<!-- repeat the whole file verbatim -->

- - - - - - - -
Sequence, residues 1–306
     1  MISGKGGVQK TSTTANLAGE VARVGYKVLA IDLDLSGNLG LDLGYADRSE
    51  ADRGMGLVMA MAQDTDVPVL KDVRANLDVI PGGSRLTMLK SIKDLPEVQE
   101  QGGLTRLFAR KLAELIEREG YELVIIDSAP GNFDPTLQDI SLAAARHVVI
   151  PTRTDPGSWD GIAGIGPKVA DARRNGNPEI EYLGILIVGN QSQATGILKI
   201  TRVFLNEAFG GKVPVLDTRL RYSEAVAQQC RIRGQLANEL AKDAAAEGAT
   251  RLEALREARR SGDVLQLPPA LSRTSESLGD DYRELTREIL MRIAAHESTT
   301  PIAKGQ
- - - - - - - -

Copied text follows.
Sequence, residues 1–306
     1  MISGKGGVQK TSTTANLAGE VARVGYKVLA IDLDLSGNLG LDLGYADRSE
    51  ADRGMGLVMA MAQDTDVPVL KDVRANLDVI PGGSRLTMLK SIKDLPEVQE
   101  QGGLTRLFAR KLAELIEREG YELVIIDSAP GNFDPTLQDI SLAAARHVVI
   151  PTRTDPGSWD GIAGIGPKVA DARRNGNPEI EYLGILIVGN QSQATGILKI
   201  TRVFLNEAFG GKVPVLDTRL RYSEAVAQQC RIRGQLANEL AKDAAAEGAT
   251  RLEALREARR SGDVLQLPPA LSRTSESLGD DYRELTREIL MRIAAHESTT
   301  PIAKGQ